Singapore’s Education Minister, Mr Ong Ye Kung, recently called for a shift in societal mindsets when it comes to academic qualifications. Many job-seekers throughout the world, especially in lesser economically developed nations, often lack the necessary tertiary education requirements to secure a job in a decent company. However, this practice seems to be slowly dying out.

More and more companies throughout the world are opting to put potential hires through evaluations and trial periods without looking at their academic achievements and transcripts. They have found that more often than not, through training and practical experience, these ‘unqualified’ hires can learn and improve through working and rise through a business’ ranks just like any other.

These kinds of workers are becoming more common, as companies become more accepting of candidates without paper qualification, said managing director of Michael Page Singapore, Nilay Khandelwal.

Google is one of the standout companies that has been practicing this type of hiring process for years. The tech giant would mostly ignore paper qualifications or use them as a gauge of their existing knowledge, preferring to offer trial periods and training new hires into the role they are needed in.

Innovation startup Padang & Co also does not place an emphasis to academic qualifications when hiring.

CEO Derrick Chiang said he never lists the academic qualifications required for job openings at his company. He could interview university graduates as well as candidates with polytechnic education for the same job opening.

“I honestly have never thought of even asking for those (referring to paper qualifications),” he said in an emailed response to Channel News Asia.

“We don’t even bother with the transcripts of even tertiary education; just the certificate for the record.”

None of his staff was hired “solely on paper qualifications” as “hardly anyone goes to school to study innovation”, as he explained his company’s focus on innovation.

The first thing that Mr Chiang asks in an interview is “tell me your story”, an open ended question that allows him to assess the candidate’s skills and knowledge gathered from their studies and work experiences. While there had been some instances where the hired worker ended up not being a pretty bad fit, Mr Chiang never put the blame on their paper qualifications. He instead, he reasons that it was cultural or job role mismatch.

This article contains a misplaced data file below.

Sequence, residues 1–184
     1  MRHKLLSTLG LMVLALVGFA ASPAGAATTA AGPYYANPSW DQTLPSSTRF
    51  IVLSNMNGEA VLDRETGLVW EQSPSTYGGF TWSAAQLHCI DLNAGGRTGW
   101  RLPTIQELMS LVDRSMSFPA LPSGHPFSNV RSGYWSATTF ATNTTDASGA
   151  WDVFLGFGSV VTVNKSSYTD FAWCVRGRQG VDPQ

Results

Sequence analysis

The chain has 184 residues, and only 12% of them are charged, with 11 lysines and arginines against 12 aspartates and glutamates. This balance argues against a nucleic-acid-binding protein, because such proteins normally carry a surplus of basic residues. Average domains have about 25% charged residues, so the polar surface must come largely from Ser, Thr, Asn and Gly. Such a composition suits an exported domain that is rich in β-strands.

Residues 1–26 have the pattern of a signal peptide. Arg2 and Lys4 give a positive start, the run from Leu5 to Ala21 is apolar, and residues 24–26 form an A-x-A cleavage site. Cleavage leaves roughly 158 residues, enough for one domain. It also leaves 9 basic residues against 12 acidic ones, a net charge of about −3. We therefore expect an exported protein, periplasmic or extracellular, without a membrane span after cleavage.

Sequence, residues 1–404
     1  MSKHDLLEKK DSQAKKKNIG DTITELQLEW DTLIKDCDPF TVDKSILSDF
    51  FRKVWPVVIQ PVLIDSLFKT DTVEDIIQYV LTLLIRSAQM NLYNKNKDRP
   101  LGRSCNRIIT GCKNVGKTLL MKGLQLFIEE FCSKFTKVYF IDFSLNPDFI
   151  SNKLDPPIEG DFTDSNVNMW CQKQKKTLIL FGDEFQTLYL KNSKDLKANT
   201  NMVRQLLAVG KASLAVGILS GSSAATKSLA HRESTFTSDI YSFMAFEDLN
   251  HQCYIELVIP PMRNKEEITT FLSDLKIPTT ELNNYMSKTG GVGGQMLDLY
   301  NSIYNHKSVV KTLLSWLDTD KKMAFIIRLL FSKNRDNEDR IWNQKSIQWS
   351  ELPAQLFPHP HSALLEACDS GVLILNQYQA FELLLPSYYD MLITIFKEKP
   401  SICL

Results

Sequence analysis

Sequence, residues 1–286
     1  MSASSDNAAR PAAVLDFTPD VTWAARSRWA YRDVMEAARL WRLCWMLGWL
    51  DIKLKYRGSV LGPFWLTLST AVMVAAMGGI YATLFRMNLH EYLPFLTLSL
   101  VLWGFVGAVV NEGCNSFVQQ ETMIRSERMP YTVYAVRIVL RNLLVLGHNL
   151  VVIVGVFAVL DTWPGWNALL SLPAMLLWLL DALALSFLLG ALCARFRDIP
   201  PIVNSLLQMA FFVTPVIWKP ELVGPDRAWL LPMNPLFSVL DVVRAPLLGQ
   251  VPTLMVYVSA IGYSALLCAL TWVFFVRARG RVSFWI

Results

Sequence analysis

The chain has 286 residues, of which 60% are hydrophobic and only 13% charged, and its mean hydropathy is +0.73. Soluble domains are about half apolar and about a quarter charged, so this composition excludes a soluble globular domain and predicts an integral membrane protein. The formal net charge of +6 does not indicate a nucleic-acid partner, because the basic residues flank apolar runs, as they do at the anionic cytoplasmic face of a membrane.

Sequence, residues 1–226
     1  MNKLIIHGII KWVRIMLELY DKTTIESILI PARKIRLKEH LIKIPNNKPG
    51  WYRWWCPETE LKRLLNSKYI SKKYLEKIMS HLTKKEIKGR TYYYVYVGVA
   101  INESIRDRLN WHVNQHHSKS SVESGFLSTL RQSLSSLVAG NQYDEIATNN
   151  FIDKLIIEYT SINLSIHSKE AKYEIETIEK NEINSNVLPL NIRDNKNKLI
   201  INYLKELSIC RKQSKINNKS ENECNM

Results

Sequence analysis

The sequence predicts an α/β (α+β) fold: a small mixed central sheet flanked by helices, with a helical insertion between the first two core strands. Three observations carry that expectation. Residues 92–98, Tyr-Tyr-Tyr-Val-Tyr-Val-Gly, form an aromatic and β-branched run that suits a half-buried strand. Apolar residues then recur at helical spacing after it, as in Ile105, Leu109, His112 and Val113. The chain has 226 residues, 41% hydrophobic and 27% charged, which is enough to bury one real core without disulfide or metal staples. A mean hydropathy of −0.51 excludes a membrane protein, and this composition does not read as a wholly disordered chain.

Mr Bazul Ashhab, managing partner and head of dispute resolution at Oon & Bazul said: “We are not evaluating a candidate based on their performance in a national school exam, but rather looking at the individual’s talent, recent experience and their aspirations.”

Oon & Bazul has hired candidates based on their display of entrepreneurial spirit, people skills, and ability to understand objectives while tackling problems with a solution-driven mindset. The firm also pays little to no attention to paper qualifications when considering a candidate’s abilities.

“In some cases, we have even adjusted certain roles to ensure that the candidate would have a better chance of success.,” said Mr Ashhab.

The overemphasis on grades was touched on by Education Minister Ong Ye Kung in a recent episode of Talking Point, a CNA current affairs programme.

He said while it is “reasonable to ask for qualifications”, companies should not be listing down minimum grades for individual subjects unless the job requires particular subject knowledge. He also stated that social mindsets need to shift to reflect this.

Recruitment experts are also in agreement, saying that while academic qualifications can be a useful point of reference to gauge knowledge proficiencies, they cannot be the sole hiring factor for companies, especially when they serve as a barrier that prevents job-seekers from applying.


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